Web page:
Dollops of dry comedy and a few well-observed sequences aren't enough to jumpstart this lackluster pic.
Ana Katz tries to capture the aimlessness of a woman separated from her b.f. at the start of a romantic getaway, who then must learn to live without him in sophomore feature “A Stray Girlfriend.” But Katz’s Antonioni-style pic fails to get beneath the surface of a character who is undergoing a subtle but real transition in her life. Dollops of dry comedy and a few well-observed sequences aren’t enough to jumpstart this lackluster pic, skedded for an early June local run after an indifferent Un Certain Regard preem at Cannes.
Katz plays Ines, an early thirtysomething city gal first seen fighting with b.f. Miguel (Daniel Hendler) on a bus headed for a small resort town. An entire relationship of false expectations and tone-deaf communication is succinctly revealed as the two argue. Thinking he wants to get off at a stop, Ines disembarks ahead of Miguel; but when he doesn’t follow and the bus roars off, she realizes their holiday is in jeopardy.
Making the best of a bad situation, Ines checks in at their reserved hotel. But when Miguel finally answers his phone, his cold, standoffish tone suggests he has no intention of reuniting with her, and even worse — that he want to end things between them without saying it in so many words.
Terribly hurt, Katz’ Ines must figure out what to do next. But an intriguing premise that opens a fascinating range of emotional and cinematic possibilities is followed by a flat and listless midsection that never ventures to the heart of the matter — namely, what Ines wants from life.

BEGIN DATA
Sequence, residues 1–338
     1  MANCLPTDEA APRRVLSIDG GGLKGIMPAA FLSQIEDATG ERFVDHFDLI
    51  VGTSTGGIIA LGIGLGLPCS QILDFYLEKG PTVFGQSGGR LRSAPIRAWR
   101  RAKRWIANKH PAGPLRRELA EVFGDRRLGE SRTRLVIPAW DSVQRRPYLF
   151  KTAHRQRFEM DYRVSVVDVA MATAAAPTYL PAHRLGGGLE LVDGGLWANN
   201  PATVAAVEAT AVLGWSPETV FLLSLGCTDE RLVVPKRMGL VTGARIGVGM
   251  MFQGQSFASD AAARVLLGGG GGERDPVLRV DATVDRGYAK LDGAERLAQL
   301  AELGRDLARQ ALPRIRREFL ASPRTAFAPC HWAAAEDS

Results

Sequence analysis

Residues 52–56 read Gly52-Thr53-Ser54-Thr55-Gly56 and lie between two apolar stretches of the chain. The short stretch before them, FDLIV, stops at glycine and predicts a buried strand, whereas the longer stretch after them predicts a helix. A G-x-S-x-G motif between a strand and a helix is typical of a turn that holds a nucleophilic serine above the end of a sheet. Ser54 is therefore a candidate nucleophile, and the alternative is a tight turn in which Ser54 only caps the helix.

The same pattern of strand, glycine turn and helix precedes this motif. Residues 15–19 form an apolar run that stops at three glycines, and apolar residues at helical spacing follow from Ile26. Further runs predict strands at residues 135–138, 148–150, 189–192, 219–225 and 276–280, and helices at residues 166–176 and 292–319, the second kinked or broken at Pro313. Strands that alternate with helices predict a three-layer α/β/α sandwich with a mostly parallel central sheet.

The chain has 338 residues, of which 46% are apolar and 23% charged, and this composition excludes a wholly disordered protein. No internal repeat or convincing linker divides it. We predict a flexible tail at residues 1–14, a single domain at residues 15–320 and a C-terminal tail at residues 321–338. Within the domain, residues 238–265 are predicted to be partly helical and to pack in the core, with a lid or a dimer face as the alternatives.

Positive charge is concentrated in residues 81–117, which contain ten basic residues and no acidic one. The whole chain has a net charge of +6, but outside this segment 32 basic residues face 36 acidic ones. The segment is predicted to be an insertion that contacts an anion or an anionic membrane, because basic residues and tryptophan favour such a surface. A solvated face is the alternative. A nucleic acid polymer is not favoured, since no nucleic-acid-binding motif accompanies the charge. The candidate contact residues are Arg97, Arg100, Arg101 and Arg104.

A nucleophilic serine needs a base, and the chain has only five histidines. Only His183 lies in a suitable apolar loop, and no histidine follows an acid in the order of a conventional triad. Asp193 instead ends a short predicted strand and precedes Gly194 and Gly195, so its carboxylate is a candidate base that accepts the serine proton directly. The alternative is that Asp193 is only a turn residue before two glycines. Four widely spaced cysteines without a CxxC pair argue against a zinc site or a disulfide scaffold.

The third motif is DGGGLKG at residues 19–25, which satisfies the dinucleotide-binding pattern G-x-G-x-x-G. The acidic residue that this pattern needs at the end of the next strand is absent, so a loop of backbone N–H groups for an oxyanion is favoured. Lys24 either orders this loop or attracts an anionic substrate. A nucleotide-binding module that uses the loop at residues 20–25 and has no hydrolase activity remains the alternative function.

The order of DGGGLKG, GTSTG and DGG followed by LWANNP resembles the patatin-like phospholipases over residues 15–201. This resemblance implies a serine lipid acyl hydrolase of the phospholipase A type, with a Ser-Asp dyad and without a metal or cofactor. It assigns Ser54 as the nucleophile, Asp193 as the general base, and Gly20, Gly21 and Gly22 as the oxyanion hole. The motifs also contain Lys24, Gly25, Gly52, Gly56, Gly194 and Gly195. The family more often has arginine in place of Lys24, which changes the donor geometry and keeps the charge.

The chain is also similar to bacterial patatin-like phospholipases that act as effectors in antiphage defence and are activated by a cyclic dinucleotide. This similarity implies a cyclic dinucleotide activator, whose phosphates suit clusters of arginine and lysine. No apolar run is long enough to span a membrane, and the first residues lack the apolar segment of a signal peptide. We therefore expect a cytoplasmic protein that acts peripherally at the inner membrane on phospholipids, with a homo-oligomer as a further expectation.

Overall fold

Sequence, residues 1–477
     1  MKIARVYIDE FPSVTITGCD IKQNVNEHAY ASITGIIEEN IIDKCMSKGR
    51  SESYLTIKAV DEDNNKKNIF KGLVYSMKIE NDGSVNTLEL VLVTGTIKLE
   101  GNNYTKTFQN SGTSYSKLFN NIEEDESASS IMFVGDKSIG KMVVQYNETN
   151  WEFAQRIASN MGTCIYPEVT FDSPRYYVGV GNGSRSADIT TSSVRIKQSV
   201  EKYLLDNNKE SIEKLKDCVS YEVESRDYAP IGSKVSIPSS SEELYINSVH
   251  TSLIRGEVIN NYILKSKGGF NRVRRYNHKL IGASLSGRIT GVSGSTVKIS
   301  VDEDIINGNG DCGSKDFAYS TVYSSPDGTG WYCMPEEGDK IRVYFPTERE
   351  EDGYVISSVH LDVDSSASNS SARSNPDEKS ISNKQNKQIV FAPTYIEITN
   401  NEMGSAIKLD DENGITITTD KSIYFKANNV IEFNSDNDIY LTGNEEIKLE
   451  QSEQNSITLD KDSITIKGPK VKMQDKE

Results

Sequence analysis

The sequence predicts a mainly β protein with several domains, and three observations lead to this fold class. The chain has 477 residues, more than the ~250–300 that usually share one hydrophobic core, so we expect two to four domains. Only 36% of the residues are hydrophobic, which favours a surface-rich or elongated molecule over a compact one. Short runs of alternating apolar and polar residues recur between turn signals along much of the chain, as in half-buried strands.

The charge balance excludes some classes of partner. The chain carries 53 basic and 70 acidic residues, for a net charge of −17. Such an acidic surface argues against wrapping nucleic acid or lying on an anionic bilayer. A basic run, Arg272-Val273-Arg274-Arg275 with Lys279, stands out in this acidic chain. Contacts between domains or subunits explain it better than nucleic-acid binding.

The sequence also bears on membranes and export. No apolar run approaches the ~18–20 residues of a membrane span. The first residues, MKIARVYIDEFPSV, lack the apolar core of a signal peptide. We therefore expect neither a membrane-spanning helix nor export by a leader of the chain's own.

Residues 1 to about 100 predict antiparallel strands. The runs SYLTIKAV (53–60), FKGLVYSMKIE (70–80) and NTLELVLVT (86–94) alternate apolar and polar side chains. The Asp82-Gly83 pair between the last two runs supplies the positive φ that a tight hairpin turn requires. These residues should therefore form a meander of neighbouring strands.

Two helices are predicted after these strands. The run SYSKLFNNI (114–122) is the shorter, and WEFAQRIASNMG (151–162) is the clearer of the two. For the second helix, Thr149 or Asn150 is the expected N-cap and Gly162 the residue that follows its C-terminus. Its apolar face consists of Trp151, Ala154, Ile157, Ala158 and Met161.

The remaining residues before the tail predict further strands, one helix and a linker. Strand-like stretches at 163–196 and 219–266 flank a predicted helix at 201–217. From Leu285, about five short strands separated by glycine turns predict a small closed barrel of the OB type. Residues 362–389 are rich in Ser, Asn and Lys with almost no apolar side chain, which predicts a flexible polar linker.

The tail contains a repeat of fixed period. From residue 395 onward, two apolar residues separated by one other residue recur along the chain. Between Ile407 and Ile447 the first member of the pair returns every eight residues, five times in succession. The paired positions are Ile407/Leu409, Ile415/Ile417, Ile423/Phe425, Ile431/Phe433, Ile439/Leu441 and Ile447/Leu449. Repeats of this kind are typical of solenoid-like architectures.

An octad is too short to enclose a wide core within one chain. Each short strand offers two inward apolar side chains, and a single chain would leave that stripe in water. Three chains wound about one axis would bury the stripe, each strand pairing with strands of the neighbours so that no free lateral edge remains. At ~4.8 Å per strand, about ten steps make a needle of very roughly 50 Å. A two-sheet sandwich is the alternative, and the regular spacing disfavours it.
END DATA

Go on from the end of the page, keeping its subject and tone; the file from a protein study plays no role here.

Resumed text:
Where Antonioni might have drawn a visual correlative to Ines’ wanderings amid a group of people at the resort, perhaps suggesting a crisis of purpose in a modern world that has lost its center, none of that subtext exists here. And while lonely local German (Carlos Portaluppi) pathetically follows Ines wherever she goes, his amusing, if sad, actions are underplayed to the point of negation, as if little more than a sideshow, even though they consume a major chunk of the pic’s slim 80-minute playing time.
Katz shows Ines approaching the beach and shoreline several times, but symbolically never dipping her toe in the ocean until her father (Arturo Goetz) and sis Tati (Violeta Urtizberea) show up to meet her. The pic’s ending seems entirely too facile for what has gone before.
Subtext is everything in a role like this, and — like her work as director and co-writer (with Ines Bortagaray) — Katz is a fair enough actor to suggest some of Ines’ inner dimensions, though hardly all of them. Portaluppi’s friend/suitor is a fine, subtle study in male frustrations, though he ends up getting lucky in a surprising turn.
Widescreen lensing by the gifted Lucio Bonnelli (“Fantasma,” “A Year Without Love”) tends to narrow on Ines, undercutting Katz’s choice of a ‘scope format. Nicolas Villamil’s nervous-sounding score is terrific.